Since February I’ve been exchanging emails with my friends Ben Dykes and Chris Brennan on this topic, where we have been sharing discoveries we have been making. Recently Chris put a out a new episode of his Astrology Podcast on Saturn as feminine, and the likely first woman astrologer.

Here is the approach I am taking now on researching this topic.

What I am looking for is how Saturn as Crone plays out in people’s charts and in their lives. We live in an era which is re-discovering lost dimensions of the feminine as sacred, and I think the Old Wise Crone is an important part of that sacred recovery.

Here’s my thesis: If I want to go looking for evidence of Saturn as Old Crone, I should go looking in the charts of strong women who are embodying that Old Crone archetype in their own lives.

What I am finding is very powerful and interesting, and I want to share a bit of it here.

And, to take this further, I want to ask for your help.
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The Dangers of Positive Thinking

The Tyranny of Optimism

Tip of the hat here – I was moved to write the following piece after I read Barbara Ehrenreich’s marvelous book, “Bright Sided: How Positive Thinking is Undermining America“. It is highly recommended.

This post carries on the argument of my previous entry, named, The Shape of our Thinking, in which I looked at how the shape of our thinking affects how we function in the world.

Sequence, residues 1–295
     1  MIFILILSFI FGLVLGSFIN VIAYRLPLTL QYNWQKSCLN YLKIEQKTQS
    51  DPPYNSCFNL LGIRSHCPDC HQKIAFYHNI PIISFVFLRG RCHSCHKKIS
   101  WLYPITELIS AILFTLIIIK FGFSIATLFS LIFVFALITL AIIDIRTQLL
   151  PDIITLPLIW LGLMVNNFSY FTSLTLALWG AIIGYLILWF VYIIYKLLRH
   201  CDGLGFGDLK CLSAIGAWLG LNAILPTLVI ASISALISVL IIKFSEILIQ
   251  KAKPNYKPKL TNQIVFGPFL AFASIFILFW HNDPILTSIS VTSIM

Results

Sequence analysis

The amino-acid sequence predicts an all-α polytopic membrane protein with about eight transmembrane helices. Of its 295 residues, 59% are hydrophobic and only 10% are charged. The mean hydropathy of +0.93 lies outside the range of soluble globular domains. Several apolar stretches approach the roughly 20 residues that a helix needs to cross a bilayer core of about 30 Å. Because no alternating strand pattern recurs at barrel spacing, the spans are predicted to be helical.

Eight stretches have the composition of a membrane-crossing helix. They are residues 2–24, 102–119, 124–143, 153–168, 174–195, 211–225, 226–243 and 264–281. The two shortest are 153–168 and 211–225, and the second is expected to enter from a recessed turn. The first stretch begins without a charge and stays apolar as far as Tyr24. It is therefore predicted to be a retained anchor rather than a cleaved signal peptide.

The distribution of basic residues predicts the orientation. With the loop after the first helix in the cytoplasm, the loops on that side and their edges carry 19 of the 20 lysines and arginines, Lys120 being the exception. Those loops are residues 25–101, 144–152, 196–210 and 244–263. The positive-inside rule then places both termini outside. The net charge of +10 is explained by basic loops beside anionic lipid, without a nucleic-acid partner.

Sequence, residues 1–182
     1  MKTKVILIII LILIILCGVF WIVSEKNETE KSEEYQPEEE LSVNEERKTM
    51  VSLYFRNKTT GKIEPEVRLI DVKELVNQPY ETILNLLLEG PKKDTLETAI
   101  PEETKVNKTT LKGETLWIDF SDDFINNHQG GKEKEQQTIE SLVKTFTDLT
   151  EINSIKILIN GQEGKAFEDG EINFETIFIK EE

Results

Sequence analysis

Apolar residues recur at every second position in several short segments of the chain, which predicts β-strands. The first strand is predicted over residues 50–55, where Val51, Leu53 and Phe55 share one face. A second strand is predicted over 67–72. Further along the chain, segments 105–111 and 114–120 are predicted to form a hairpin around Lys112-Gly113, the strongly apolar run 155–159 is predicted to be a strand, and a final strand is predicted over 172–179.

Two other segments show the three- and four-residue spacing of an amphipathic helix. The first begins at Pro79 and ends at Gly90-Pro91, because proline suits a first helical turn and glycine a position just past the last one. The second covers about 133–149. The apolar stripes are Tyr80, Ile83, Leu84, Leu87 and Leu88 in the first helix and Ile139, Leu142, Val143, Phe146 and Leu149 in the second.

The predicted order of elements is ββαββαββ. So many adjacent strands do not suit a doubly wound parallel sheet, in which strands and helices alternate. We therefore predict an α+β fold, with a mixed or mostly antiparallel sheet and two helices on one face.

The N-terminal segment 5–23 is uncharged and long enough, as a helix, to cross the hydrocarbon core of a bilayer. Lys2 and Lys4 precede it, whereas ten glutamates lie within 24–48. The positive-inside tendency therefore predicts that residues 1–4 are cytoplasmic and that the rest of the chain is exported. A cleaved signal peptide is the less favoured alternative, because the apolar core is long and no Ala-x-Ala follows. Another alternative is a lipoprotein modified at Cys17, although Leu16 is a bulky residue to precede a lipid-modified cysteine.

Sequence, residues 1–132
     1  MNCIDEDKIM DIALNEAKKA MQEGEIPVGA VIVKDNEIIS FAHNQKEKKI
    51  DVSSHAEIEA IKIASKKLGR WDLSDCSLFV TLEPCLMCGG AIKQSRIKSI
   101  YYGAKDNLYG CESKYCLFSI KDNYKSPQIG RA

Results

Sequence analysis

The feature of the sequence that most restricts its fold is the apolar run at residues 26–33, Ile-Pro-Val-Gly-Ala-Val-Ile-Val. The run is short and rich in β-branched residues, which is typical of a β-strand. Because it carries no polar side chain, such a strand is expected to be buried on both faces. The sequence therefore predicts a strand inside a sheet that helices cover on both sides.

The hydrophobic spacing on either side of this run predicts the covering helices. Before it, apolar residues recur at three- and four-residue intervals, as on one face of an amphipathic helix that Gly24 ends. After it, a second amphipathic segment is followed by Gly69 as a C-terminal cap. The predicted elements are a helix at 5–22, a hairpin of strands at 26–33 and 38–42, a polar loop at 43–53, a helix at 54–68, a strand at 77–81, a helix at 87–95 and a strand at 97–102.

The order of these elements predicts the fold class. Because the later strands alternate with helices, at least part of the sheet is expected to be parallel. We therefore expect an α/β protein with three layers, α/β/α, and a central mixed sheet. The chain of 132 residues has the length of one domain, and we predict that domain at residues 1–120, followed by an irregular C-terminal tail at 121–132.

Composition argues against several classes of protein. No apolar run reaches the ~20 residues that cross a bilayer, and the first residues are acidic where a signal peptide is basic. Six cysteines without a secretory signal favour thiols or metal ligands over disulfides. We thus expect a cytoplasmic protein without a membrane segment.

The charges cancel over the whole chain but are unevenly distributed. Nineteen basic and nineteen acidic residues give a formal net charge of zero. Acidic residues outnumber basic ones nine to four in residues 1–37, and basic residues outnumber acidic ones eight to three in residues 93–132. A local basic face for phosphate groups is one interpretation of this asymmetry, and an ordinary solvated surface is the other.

The following graph is a visual picture of my argument.

Sine wave with straight lineBriefly, astrology conceives of reality in terms of repeating cycles of growth and change – alternating opposites like light and dark, summer and winter and so on – and of ongoing cycles through time, of birth, growth, flourishing, decline, death and decay, followed in a collective sense by a rebirth, and so on.  that is represented by the sine wave.

The straight line is our modern view of reality as conforming to Progress, where we just keep going up and up, getting better and better, always moving forward. The straight line and the wave are pretty much in sync on the upward slope, but on the downward slope they increasingly diverge.

On the downward slope, if you are used to thinking in terms of that upward straight line, you are likely to find yourself running into an increasing number of situations where things just don’t seem to be working quite the way they should.

This is where modern Positive Thinking gets us in big trouble. Continue reading

The Shape of our Thinking

Straight Lines and Cycles